A statement from 'The Big Short' that got me confused.

At the start of the movie Ryan Goslings’ character makes a statment about MBS which is ‘**The good thing about MBS is that yield is higher than mortgages and risk is the same’ (**something along these lines).

Can someone please explain this?

Seems like a stupid statement to me; but, then, what does Ryan Goslings know about finance?

A correct statement along these lines would be that MBSs have a lower yield than mortgages (because you’re paying the fee to the servicer), and a substantially lower risk than mortgages (because you’re diversified across hundreds or thousands of mortgages).

If we’re talking about something in the B’s then the yield was probably high which was attractive, so basically about the same yield but not exactly because as S2000magician said there’s a service fee. But the risk is significantly reduced or was supposed to be in theory.

I am thinking that the way it would work is if you pooled a bunch of mortgages together and diversified away the idiosyncratic risk, you could take a more subordinated tranche, which would appear to have the similar risk as a standalone mortgage, and it would yield a higher return.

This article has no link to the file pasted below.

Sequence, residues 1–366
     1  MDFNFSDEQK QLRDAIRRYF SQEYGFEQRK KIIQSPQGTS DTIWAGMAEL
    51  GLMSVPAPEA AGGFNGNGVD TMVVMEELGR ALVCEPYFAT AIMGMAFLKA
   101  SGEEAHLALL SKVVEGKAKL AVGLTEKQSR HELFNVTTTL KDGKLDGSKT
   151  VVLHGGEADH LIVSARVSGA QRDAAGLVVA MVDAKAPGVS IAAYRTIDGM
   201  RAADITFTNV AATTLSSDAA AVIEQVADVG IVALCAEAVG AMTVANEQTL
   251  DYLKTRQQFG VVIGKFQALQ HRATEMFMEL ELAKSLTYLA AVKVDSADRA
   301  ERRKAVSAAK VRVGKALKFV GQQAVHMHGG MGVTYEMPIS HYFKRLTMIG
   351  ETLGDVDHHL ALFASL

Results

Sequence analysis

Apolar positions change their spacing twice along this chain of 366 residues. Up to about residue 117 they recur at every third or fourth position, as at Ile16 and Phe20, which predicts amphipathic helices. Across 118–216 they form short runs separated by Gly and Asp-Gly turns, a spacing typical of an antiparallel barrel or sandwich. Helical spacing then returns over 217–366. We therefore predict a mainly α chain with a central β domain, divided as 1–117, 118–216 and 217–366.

Is he comparing MBS and prime mortgages? Anw, it’s a movie which has a bit of hindsight bias …

he was probably talking about ARM (adjustable rate). e.g. a mortgage at 2% for years, then 5% for 18yrs.

if you are long the pool of mortgages then you receive 2%.

if you are long the appropriate tranche of the MBS, then you get 4.5%.

of course after 2years the returns changed a little…

Was it perhaps talking about lower tranche MBS which were being rated higher than they should have been? That would seem to make it make sense (the sentence, not the practice).